Boy from a children’s home studying at Kellner’s prestigious school

Life has not been a rose garden for Vladimír Kuliš. His mother had no money and he had no place to sleep. Since the age of nine, he has lived in the children’s home at Hodonín u Kunštátu in the Blansko district. He is fifteen now, and thanks to the foundation supporting the underprivileged he is now a student at a prestigious school that was established by Mrs. Renáta Kellnerová and Mr. Petr Kellner.

“Four years ago somebody in the children’s home came across an offer of studying at the Open Gate eight-year grammar school at Babice near Prague. I said to myself it might be worth a try. I registered for the admission tests and I passed the IQ test and the general aptitude test and that was that,” says Vladimír Kuliš.

e was very excited by the high quality of the school, which was established by a family foundation of Mrs. Renáta Kellnerová and Mr. Petr Kellner. “It’s fantastic. The quality of teaching, the facilities, everything.  Where else do you have a theater, cinema, a swimming pool, sports hall and playground just next to the classrooms? I was a bit taken aback by it at the beginning but I take it as normal now,” smiles Vladimír.

The advanced furnishings facilities are not the only thing that makes this school different from others. For example, starting from the fifth year, all instruction is in English, except for the Czech language and Czech area studies. “A second foreign language is added from the third grade. Biology, chemistry and physics are combined as one subject called Natural Sciences,” he explains.

The classes start at 8:20 a.m. and each class period lasts 45 minutes. “We mostly have seven classes a day plus longer breaks for lunch and a snack. And there is a five-minute break after each class,” the talented young man describes the Open Gate daily routines.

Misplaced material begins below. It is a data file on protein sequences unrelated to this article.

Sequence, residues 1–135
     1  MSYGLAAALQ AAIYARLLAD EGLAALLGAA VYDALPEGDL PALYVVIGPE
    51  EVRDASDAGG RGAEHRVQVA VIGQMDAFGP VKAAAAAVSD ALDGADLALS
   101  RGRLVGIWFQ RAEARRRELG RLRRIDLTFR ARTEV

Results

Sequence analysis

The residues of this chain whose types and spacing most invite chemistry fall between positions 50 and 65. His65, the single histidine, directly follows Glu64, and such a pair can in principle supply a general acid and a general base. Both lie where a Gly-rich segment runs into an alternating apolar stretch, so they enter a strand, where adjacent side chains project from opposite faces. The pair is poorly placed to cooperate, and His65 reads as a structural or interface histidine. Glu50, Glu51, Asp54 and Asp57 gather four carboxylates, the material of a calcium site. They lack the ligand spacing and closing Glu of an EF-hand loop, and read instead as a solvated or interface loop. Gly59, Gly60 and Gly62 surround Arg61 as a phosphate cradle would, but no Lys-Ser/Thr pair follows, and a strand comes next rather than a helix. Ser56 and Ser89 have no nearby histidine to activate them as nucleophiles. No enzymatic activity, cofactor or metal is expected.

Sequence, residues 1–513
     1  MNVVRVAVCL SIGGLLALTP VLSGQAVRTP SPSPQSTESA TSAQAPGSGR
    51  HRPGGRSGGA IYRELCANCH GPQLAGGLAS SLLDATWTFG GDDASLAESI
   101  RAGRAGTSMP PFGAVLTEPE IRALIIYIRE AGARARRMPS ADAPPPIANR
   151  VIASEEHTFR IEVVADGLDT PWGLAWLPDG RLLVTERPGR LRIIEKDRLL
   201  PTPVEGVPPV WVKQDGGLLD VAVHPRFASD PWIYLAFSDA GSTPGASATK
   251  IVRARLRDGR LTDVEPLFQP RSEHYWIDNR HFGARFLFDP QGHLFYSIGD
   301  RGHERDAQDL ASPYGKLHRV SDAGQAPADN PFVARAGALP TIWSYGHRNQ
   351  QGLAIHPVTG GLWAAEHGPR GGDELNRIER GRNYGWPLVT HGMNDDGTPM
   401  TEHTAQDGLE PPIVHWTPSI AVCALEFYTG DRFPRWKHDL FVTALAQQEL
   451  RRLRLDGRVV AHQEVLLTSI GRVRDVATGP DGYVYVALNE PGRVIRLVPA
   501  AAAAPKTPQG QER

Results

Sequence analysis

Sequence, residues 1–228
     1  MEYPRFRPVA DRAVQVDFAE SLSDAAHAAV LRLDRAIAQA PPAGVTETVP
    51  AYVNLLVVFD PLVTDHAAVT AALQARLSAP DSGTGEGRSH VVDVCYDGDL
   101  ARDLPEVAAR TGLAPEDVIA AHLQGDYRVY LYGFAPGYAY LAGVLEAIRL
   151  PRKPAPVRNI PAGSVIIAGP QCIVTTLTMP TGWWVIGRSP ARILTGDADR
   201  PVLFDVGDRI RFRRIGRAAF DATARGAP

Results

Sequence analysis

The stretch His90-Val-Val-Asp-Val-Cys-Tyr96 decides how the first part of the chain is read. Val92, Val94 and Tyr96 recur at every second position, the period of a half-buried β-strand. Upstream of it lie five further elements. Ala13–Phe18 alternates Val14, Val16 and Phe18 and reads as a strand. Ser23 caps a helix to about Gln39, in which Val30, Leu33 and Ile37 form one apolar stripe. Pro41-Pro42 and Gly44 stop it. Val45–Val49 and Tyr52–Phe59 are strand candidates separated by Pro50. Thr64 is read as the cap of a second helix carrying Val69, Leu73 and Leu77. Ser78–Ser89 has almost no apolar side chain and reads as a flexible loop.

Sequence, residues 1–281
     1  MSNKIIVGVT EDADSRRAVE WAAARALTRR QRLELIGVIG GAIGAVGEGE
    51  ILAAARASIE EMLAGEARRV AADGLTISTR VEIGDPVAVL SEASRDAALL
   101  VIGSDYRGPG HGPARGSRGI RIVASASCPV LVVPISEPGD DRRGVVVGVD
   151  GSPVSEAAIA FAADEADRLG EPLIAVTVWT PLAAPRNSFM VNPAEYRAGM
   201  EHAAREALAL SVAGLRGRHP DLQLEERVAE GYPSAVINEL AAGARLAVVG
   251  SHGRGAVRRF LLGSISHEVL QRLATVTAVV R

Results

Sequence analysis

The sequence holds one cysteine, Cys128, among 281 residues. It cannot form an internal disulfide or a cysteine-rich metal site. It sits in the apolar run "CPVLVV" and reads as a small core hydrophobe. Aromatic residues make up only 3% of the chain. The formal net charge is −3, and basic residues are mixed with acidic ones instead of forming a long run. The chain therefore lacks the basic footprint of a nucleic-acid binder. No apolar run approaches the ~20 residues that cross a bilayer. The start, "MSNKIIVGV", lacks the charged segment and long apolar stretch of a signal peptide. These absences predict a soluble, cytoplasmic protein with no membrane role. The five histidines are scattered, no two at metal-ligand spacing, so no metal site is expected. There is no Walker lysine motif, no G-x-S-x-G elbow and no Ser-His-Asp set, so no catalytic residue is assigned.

Uniforms blur the differences
The school fee at Open Gate is in the order of hundreds of thousands. “The students who commute to the school every day pay 236,000 and those living on campus, including me, pay a bit less than half a million,” says the South Moravian boy.

“Of course, I and others from the children’s home could not afford it. This is why Mrs. Renáta Kellnerová and Mr. Petr Kellner established the foundation, which supports the underprivileged and children from children’s homes,” notes Vladimír.

As he says, less than half of the students pay their school fees themselves. “However, social differences are not an issue here. Nobody asks if your fee is paid by the foundation or your family. This is also due to the uniforms,” thinks the student.

This is Vladimír Kuliš’s fourth year at this prestige school established by one of the wealthiest Czechs. “So far I’ve survived here,” says the boy, whose hobbies include surfing on the internet and reading. What surprised him the most was how quickly he learned to speak English.

“I came here not knowing anything but after a year I was able to speak fluent English. I should also thank my teachers for that. They are able to transfer what they know very well. It is not about sitting at a desk and searching through textbooks. They can answer questions and talk with us about what we are learning at the moment,” says the boy from the Blansko district, who dreams of studying law in England.

(Author: Pavel Šmerda)


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